Why does the space bar do page down in browsers
Why is the space bar doing a page down in some viewer apps, especially browsers and PDF readers?
For me this seems to be a bit counter-intuitive, and also this behaviour affects games and other interactive HTML5 apps, because if you map some action to the space bar it might also scroll down the page, which is not what you want. Also the arrow keys, page down button and the mouse scrollwheel are usually enough options to scroll down the page.
Are there any historical or usability reasons for this behaviour?
It's also a usability issue for non-full-screen videos. Space is frequently used to pause/play videos; I'm always scrolling down youtube thanks to this.
Me neither ! - and I've been using a browser since Netscape Navigator 1.0. The spacebar is for adding spaces in my mental model of the world...
None of all that gobbledegook above means anything. Every time I hit the spacebar in Notability, it takes me backwards to a list of my documents. No one at Apple Care or elsewhere knows how to solve the problem. So my answer here is just as good (or bad) as all those above, which also didn't help. I believe there is no solution for this.
The historical reason is that that's what the spacebar does in more, the lowest common demoninator (and probably oldest) of text pagers. In
more, it makes sense to map the largest key on the keyboard to the most common action: show the next page.
In the glory days of
more, you couldn't count on mouse scrollwheels, page down buttons, or sometimes even arrow keys.
moredoesn't even have a "page up" feature (you can't go back).
Although in the text-based world
morehas mostly been replaced with more powerful pagers like less (which can move backward), that spacebar convention remains, and has even migrated to the GUI world.
i think in this case it's size and position contributes to the choice of this functionality, like it does with stop and play on youtube
Do you _guess_ the historical reason or do you _know_ it? Could you provide some evidence?
"Press space to continue" was a very common way to move through an app in the pre-GUI home computing days of the 1980s, probably because it was the biggest button. Some apps implemented "Press any key to continue". This was slightly risky, as it didn't really mean "any" key, pressing escape or break would probably exit the programme, and it's alleged that some people couldn't find the "any" key.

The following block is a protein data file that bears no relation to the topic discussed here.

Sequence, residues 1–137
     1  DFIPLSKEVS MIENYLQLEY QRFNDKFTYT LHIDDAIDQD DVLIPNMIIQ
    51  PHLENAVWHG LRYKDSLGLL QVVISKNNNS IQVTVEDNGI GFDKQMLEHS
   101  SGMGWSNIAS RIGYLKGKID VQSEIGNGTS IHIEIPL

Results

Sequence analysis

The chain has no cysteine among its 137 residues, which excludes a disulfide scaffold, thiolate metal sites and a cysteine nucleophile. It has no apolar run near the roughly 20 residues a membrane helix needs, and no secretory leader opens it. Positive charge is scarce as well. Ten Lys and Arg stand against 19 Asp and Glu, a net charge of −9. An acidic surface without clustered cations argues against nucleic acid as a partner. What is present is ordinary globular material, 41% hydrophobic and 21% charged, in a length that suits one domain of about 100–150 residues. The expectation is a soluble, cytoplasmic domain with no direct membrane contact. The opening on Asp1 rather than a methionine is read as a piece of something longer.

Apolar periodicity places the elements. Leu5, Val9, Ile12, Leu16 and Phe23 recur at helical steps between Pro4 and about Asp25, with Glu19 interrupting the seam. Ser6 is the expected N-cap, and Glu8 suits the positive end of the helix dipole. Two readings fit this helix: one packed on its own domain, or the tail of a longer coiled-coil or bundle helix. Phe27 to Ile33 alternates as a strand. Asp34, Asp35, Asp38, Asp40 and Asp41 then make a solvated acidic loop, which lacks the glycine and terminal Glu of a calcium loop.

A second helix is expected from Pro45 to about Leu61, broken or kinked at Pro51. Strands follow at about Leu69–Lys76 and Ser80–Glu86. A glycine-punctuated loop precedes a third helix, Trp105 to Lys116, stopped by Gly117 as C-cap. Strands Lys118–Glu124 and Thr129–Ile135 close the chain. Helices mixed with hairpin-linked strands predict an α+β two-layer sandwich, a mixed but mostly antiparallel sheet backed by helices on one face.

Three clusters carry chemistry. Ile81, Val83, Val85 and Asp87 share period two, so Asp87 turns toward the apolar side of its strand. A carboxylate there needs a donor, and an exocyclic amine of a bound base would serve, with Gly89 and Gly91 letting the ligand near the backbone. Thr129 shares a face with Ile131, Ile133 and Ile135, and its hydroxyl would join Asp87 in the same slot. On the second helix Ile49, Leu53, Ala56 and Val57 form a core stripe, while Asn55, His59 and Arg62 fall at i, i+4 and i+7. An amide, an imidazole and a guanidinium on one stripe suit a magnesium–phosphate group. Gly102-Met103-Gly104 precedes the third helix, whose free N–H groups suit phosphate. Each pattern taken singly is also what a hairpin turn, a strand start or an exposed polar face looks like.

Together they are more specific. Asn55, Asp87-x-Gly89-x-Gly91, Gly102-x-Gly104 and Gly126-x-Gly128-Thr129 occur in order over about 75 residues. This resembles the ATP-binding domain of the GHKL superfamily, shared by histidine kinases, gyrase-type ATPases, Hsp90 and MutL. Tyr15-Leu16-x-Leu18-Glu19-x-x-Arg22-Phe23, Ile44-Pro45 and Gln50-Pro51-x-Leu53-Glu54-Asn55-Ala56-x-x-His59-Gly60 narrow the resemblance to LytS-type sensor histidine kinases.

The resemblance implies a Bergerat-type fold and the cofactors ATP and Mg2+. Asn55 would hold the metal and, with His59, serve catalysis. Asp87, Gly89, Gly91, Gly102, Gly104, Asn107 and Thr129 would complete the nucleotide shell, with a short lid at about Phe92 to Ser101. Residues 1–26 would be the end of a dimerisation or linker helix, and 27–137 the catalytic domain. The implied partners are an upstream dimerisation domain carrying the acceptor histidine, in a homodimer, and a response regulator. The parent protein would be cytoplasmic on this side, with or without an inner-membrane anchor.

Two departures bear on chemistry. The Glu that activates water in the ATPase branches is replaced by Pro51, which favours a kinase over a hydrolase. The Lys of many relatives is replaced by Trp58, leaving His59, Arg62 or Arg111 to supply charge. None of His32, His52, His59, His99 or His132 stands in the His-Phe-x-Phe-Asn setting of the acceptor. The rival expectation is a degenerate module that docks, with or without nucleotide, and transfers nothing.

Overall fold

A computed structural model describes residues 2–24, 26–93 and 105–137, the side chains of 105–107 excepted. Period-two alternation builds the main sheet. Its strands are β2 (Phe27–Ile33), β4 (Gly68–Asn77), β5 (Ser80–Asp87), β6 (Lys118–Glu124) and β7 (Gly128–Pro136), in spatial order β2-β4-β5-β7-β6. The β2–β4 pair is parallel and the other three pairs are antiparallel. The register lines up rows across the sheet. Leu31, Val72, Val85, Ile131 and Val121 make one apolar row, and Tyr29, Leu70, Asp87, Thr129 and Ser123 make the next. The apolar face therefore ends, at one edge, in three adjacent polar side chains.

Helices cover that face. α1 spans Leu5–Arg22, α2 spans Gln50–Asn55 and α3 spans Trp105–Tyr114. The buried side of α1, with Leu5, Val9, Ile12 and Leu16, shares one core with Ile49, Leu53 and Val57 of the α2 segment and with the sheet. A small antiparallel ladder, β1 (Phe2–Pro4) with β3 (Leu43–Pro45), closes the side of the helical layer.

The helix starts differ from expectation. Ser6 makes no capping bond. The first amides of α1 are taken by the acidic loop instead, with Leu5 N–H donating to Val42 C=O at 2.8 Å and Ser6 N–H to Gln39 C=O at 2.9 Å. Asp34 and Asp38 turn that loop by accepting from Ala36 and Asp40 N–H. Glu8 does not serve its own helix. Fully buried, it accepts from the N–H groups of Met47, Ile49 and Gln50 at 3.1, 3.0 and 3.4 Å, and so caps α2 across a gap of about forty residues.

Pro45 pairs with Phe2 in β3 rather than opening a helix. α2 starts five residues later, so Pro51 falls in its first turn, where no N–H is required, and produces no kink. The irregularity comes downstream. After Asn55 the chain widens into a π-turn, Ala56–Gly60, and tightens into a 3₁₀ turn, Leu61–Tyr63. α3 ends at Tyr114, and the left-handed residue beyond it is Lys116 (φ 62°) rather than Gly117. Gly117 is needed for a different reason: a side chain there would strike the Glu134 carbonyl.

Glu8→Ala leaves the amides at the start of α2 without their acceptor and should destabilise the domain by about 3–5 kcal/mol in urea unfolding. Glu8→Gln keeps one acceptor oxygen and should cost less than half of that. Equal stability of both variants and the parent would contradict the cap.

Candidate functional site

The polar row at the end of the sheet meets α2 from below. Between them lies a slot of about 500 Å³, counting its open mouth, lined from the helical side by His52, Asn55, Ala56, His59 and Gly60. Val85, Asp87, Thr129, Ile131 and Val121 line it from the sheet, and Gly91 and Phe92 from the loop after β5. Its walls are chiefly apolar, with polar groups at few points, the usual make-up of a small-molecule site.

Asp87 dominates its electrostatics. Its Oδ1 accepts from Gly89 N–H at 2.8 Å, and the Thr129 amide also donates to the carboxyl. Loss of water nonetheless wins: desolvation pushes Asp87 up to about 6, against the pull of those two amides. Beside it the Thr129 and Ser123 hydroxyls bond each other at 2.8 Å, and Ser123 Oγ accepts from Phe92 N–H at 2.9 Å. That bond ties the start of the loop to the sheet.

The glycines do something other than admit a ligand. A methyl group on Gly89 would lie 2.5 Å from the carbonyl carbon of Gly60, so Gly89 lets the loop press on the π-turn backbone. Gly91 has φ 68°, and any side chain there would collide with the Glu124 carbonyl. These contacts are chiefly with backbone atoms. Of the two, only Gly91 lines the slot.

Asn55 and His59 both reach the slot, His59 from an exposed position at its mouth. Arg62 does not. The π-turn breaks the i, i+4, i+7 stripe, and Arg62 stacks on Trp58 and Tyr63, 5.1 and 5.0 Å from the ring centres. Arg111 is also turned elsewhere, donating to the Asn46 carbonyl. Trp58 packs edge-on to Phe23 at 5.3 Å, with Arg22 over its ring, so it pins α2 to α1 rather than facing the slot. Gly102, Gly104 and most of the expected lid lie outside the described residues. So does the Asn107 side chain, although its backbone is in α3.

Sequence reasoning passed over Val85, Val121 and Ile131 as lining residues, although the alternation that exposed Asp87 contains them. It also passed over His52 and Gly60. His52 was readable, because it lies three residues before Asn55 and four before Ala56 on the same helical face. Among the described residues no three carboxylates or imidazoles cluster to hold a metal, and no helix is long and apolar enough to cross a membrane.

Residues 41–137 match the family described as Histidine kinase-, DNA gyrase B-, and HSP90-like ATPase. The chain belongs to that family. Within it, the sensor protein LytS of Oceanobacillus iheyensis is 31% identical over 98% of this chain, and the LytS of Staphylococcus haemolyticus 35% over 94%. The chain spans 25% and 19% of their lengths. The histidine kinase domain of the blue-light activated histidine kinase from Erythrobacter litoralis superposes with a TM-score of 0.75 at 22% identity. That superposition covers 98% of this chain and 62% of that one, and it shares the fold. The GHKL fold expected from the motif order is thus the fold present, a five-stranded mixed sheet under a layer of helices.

@phresnel The request for evidence is not unreasonable, but do remember that some of us are old enough that our programming days predate the PC and we've *lived* this 'spacebar for page down' time. There are probably many things not being written down (to be *evidence* later) because they're so obvious. For me, Celada's answer is that obvious. :)
@Cheeseminer: Alternatively, the formulation could be changed to no longer represent a fact. If something cannot be proven then it can at most be a claim. There's definitely a correlation, however, obviousness is the enemey of the truth. Example: To me it is obvious that the earth is flat and that the sun sets and rises around our planet. Air is immaterial, because I cannot hold it. And there is no mass market for computers, so probably you are working at IBM and currently computing the diameter of the earth disk.
Other examples backing this hypothesis: slash shortcut for find in Firefox (from vi), ctrl+a / ctrl+e as Home and End on MacOs (from emacs)... I guess programmers (which are the first users of these programs) enable shortcuts compliant with their previous habits.
@phresnel I think the hard evidence you are looking for simply doesn't exist. This behavior of the space bar organically took root over time and eventually became tradition. It's often hard to pinpoint a specific decision; the best you might be able to do is ask Daniel Halbert, author of `more`) why he chose the spacebar, and even that relies on the presumption that `more` drove that choice. Sometimes the best we can do is theorize and present evidence that *supports* our theories.
@phresnel (continued) ... This sort of thing comes up a lot in UI/UX design. Why is the minimize button on the top right? Why do pixel-based Windows dialogs use a 6 pixel button spacing and 12 pixel borders.aspx) (and similarly, why are DLUs based on 8-point MS Sans Serif)? Why is does Ctrl+V mean paste (it was chosen by Xerox Parc back in Alto days but good luck finding a rationale)? At some point, somebody made a decision, possibly for completely arbitrary reasons, and it stuck.
@Jason C: Yeah, of course, I do not disagree with all the comments. But this confirms that it should not be represented as a fact, but as a guess or something that is probable.
@phresnel: Not really, in human communication and the english language indicative mood can be used to express opinions ("You look gorgeous!") or things one believes to be true. SE is *not* a encyclopedia, but a Q&A network where *humans* give answers. Any answer is a claim, no matter the mood in which it is formulated. Citing any sources - which will be dubious at best here at UX - won't change that. Or do you wish that on mathematics SE users would answer the question "What is 1+1" with "I, and person x & y, claim that the answer is 2"? That would just ruin efficient communication.